On Tuesday, February 15, at 7:00 PM, live via Zoom, join Cook Memorial Library and Chocorua Lake Conservancy for “Digging Into Native History in New Hampshire,” a New Hampshire Humanities program with Robert Goodby, professor of Anthropology at Franklin Pierce College.

Abenaki history has been reduced to near-invisibility as a result of conquest, a conquering culture that placed little value on the Indian experience, and a strategy of self-preservation that required many Abenaki to go “underground,” concealing their true identities for generations to avoid discrimination and persecution. Robert Goodby reveals archaeological evidence that shows their deep presence here, inches below the earth’s surface. His presentation will include a special focus on this region.

Please register at bit.ly/digging2-15-22.

Presenter: Robert Goodby is a professor of Anthropology at Franklin Pierce University in Rindge. He holds a Ph.D. in anthropology from Brown University and has spent the last thirty years studying Native American archeological sites in New England. He is past president of the New Hampshire Archeological Society, a former Trustee of the Mount Kearsarge Indian Museum in Warner, and served on the New Hampshire Commission on Native American Affairs. In 2010, he directed the excavations of four 12,000-year-old Paleoindian dwelling sites at the Tenant Swamp site in Keene.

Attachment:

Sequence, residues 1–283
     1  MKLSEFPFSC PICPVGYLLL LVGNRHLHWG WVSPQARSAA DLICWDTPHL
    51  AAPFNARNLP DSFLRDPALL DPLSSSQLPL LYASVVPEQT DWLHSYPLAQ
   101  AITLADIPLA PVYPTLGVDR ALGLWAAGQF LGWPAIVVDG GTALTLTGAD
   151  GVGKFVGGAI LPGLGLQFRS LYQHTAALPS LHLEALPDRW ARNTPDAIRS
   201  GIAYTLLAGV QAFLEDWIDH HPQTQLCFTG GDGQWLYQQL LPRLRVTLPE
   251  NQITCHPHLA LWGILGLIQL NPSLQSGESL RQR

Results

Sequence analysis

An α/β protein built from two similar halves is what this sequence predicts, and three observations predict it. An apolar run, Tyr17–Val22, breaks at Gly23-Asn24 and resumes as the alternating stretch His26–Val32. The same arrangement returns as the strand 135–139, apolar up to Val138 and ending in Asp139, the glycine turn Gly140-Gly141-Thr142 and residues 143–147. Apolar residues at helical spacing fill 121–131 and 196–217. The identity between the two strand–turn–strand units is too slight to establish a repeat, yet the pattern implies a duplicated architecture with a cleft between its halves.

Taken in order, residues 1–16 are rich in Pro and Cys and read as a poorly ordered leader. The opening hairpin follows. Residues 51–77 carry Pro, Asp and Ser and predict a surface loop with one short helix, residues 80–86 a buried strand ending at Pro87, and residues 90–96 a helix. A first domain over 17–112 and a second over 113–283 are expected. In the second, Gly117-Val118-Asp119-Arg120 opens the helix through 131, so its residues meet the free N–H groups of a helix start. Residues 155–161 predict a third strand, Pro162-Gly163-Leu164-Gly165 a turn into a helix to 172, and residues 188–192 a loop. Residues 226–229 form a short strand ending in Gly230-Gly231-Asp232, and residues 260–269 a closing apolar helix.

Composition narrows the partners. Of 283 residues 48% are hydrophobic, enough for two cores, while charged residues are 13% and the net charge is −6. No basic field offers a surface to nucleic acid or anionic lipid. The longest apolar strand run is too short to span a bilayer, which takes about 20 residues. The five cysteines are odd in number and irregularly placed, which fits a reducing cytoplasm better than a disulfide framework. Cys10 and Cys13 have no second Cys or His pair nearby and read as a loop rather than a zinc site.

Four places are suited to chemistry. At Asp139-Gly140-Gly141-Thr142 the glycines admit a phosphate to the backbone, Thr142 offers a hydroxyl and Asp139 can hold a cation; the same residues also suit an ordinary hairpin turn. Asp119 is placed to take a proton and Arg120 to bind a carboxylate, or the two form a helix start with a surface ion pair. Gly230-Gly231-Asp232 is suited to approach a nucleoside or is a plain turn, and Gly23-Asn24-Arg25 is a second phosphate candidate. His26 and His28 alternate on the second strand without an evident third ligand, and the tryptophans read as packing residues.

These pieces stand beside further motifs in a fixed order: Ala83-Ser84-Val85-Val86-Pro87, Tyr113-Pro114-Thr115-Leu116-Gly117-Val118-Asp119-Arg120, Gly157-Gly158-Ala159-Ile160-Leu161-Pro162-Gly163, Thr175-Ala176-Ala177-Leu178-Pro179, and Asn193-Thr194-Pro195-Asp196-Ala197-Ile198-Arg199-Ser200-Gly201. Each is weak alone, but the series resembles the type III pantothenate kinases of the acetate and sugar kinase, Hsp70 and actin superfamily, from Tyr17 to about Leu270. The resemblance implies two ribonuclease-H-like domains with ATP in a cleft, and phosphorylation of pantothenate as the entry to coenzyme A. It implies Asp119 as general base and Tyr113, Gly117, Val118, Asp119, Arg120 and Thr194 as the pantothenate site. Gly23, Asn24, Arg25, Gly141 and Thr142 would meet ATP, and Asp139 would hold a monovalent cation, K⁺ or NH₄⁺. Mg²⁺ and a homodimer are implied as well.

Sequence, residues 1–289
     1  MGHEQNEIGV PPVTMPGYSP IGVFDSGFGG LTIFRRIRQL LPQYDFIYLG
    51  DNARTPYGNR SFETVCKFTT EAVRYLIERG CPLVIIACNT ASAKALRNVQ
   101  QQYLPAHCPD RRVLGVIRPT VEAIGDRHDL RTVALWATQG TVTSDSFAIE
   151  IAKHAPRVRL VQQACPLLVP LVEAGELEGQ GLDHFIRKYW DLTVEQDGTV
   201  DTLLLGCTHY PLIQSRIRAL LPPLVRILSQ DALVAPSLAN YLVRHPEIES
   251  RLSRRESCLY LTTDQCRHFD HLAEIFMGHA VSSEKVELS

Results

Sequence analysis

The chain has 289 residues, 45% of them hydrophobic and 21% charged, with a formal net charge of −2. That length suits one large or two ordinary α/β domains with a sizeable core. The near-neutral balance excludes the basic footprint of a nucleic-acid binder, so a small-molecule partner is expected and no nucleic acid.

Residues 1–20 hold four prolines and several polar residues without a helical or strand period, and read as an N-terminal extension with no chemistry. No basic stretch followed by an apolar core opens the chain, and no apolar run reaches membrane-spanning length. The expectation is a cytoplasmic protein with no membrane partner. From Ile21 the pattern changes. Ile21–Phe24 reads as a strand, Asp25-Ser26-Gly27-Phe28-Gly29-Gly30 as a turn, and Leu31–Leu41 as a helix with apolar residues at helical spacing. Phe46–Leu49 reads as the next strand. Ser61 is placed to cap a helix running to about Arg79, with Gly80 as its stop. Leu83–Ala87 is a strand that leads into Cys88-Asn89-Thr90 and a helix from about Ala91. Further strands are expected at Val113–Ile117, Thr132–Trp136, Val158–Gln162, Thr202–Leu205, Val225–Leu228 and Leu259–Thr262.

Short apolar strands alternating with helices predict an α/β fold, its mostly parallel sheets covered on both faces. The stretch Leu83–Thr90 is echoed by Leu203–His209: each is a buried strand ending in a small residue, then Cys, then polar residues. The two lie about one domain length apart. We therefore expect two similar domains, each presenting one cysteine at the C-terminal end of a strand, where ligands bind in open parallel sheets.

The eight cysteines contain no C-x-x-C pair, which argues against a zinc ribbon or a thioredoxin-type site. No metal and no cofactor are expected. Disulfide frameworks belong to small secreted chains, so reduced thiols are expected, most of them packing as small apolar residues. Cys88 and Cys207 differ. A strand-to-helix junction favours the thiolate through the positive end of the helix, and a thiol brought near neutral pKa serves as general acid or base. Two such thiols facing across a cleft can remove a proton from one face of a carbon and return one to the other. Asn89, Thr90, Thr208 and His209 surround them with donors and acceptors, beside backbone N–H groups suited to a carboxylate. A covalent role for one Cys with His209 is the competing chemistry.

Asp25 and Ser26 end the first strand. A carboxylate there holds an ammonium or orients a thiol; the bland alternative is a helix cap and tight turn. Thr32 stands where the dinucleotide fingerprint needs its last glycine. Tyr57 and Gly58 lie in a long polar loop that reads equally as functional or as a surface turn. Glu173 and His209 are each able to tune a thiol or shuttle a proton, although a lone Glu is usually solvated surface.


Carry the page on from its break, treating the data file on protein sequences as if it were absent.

This program is funded by a grant from New Hampshire Humanities, a nonprofit organization that nurtures the joy of learning and inspires community engagement by bringing life-enhancing ideas from the humanities to the people of New Hampshire. They connect people with ideas. Learn more at www.nhhumanities.org.

This program is also part of “Wabanaki History, Ecology & Experiences,” a series of programs exploring Indigenous history and experiences in what is now called northern New England, a collaboration between the Cook Memorial Library in Tamworth and the Chocorua Lake Conservancy, made possible through a generous grant from The Tamworth Foundation. Please join us next for “The People of the Dawnland: The Evolution of the Abenaki and Wabanaki Peoples of the Northeast from the First European Contact up to the Present,” with Anne Jennison on Tuesday, March 1, at 7PM. For more information, visit tamworthlibrary.org or chocorualake.org.

Digging Into Native History in New Hampshire, on Zoom Feb. 15
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